Flipkart to start selling food through FarmerMart
In India, consumers spend about $500 bn on groceries annually. FarmerMart, with an authorised equity capital of Rs 1,845 crore, will sell items produced locally. Sales will initially be online, although the company can also sell through physical s...
Newly registered Flipkart FarmerMart, with an authorised equity capital of Rs 1,845 crore, will sell items produced locally. Sales will initially be online, although the company can also sell through physical stores.
“In line with the government of India’s FDI (foreign direct investment) policy, which allows 100% FDI in food retail for food produced and manufactured in India, Flipkart is applying for appropriate licences from the government,” said Flipkart Group CEO Kalyan Krishnamurthy. “We have secured all internal approvals for the same already.”
The entity will focus on food retail and help boost agriculture as well as the food-processing industry in the country, he said.
“We are looking forward to invest deeply in local agri ecosystem, supply chain and working with lakhs of small farmers, Farmer Producers Organisations (FPOs), food processing industry in India, helping multiply farmers’ income and bring affordable, quality food for millions of customers across the country,” he said.
In India, Walmart doesn’t sell directly to consumers and is an organised wholesaler or cash-and-carry operator that sells merchandise to small neighbourhood stores, hotels and catering firms. The world’s largest retailer acquired Flipkart for $16 billion in 2017 to gain access to India’s $670-billion retail market.
Food is the only segment in which etailers are allowed to sell directly to consumers. The government sidestepped opposition to foreign investment in multibrand retail in 2016 to create a food-retailing segment that it said was aimed at creating jobs and helping farmers. However, the government has asked ecommerce firms to keep food-only retailing ventures at arm’s length from flagship marketplaces by maintaining separate boards, staff, bank accounts and inventories.
“It will give impetus to sourcing from farmers directly and supporting food processing industry. It will boost farmers’ incomes and create jobs,” food processing industries minister Harsimrat Kaur Badal told ET. “This is what the ministry is aspiring to contribute to achieve doubling farmers’ income and job generation for our youth.”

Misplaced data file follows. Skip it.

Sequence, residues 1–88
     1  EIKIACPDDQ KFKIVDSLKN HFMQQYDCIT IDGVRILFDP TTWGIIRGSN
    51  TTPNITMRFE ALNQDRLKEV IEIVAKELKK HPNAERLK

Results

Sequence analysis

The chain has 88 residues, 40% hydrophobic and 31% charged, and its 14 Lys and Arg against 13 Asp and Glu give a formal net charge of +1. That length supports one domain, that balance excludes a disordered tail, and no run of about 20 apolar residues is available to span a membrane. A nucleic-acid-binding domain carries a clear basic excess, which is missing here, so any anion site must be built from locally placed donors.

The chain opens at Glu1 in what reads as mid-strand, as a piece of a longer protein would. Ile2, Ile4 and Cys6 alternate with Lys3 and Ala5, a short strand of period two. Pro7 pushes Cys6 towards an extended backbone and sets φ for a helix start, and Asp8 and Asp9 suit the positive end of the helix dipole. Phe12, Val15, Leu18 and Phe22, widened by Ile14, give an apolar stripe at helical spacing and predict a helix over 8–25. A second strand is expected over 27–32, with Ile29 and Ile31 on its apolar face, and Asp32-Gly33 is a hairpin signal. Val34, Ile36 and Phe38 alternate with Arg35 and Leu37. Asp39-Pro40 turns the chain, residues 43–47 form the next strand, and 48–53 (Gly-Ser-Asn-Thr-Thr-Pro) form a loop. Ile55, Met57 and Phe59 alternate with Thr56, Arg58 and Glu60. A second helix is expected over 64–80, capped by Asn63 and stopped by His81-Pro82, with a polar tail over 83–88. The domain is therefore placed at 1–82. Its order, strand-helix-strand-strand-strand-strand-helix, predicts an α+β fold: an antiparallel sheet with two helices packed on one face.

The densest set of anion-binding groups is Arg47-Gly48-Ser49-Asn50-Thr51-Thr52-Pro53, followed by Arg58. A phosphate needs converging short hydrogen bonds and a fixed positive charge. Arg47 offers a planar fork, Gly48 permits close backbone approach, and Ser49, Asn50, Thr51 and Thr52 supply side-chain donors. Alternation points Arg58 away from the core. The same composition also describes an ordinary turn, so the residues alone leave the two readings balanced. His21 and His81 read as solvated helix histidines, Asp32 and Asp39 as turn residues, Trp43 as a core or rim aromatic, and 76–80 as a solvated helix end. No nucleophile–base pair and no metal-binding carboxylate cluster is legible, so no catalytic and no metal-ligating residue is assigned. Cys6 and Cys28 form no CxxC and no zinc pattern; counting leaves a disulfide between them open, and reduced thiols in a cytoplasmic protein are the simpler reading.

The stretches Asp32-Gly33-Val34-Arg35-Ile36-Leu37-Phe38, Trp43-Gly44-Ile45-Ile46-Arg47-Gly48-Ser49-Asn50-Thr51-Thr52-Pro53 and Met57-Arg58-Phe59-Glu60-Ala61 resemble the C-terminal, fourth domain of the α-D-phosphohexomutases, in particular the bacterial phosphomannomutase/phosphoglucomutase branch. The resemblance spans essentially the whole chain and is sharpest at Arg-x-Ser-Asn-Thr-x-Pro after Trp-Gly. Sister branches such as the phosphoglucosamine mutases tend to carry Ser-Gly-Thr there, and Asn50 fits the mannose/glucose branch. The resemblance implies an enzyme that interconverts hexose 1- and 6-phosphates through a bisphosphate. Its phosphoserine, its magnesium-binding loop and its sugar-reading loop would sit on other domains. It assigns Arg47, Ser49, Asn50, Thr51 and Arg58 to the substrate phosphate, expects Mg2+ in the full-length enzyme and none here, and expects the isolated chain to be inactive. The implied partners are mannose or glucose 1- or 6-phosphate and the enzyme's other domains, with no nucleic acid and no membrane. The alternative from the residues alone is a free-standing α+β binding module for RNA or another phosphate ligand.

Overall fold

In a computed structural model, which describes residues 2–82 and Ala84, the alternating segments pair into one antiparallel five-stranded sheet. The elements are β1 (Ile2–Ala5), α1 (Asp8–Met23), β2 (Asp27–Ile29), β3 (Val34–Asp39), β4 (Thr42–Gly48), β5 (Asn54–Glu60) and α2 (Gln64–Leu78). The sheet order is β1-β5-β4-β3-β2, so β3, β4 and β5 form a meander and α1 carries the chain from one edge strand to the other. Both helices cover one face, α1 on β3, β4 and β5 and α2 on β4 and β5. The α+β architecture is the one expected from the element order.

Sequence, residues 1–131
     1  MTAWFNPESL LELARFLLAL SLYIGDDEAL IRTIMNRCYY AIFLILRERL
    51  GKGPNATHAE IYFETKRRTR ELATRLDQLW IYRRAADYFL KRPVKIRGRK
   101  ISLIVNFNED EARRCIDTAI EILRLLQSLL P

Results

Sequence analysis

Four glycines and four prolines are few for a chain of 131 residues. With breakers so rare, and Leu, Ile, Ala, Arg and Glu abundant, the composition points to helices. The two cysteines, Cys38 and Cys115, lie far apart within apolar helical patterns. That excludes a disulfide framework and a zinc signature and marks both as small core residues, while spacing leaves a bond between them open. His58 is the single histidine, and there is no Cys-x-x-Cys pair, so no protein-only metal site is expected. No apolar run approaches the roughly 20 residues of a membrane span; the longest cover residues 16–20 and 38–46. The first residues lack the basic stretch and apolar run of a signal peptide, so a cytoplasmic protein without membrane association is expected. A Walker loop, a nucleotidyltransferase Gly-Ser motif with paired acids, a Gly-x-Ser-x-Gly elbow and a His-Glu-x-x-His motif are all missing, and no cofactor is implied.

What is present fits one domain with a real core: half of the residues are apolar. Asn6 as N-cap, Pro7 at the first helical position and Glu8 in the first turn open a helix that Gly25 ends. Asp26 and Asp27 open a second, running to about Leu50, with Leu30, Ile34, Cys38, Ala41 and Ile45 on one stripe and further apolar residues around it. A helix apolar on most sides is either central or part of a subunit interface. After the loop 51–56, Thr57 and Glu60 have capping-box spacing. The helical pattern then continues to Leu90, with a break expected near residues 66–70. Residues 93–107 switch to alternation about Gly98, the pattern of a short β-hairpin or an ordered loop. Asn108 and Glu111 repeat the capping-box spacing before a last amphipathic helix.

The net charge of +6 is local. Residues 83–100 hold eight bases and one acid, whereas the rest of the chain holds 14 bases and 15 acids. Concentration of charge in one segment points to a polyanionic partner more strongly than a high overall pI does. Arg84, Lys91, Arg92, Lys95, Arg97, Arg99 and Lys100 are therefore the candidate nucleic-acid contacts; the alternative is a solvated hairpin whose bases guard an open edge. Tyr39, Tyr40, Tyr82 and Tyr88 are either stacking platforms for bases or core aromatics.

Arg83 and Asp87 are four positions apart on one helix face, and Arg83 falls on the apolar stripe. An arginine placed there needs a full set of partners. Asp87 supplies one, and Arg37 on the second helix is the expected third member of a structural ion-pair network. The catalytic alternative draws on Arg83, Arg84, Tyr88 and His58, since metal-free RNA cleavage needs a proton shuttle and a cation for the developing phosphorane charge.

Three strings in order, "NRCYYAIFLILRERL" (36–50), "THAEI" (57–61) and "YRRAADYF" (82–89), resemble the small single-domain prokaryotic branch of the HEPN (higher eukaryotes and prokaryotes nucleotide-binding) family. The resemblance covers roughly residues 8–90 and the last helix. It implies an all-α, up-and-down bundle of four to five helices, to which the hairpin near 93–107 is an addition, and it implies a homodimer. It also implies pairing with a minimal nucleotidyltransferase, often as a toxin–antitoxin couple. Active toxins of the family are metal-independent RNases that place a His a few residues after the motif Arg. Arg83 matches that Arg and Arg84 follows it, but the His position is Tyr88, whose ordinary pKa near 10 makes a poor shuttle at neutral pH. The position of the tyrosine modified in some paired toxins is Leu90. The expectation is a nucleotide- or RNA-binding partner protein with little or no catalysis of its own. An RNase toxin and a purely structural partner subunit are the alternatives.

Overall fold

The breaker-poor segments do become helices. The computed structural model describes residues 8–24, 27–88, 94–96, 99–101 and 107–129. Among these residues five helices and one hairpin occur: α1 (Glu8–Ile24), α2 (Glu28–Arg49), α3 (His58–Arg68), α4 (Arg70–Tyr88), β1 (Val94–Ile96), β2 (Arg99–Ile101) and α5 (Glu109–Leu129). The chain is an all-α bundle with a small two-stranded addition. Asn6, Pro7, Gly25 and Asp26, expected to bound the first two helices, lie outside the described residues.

She said Flipkart hadn’t yet applied to the Department for Promotion of Industry and Internal Trade. The newly created entity received Flipkart board approval to go ahead with its application last month, said top executives at the company.
“This shows Walmart’s seriousness in India and the intent is clearly to be a sizable retailer. Within retail, food is a large chunk and building scale will be paramount but building the supply chain will be daunting,” said Devangshu Dutta, chief executive at consultancy Third Eyesight. “Since gross margins are thin in this business, especially fresh produce, managing transportation, logistics and wastage will be crucial.”
Just 0.2% of India’s grocery market is online but participants are growing nearly 50% annually in a category that has been the monopoly of neighbourhood stores.
Walmart rival Amazon already has committed to invest $500 million over five years to sell third-party and own private label food products, sourced and packaged locally, both online and through brick-and-mortar stores. A few months ago, it launched two-hour delivery for fresh products and vegetables. Online grocers such as Grofers and Bigbasket have a dominant share of the online market, but Amazon, Flipkart and Swiggy are making inroads. With the highest frequency across categories and potential for private labels, online grocery can grow to $99 billion over the next decade from less than $1 billion, according to a CLSA report.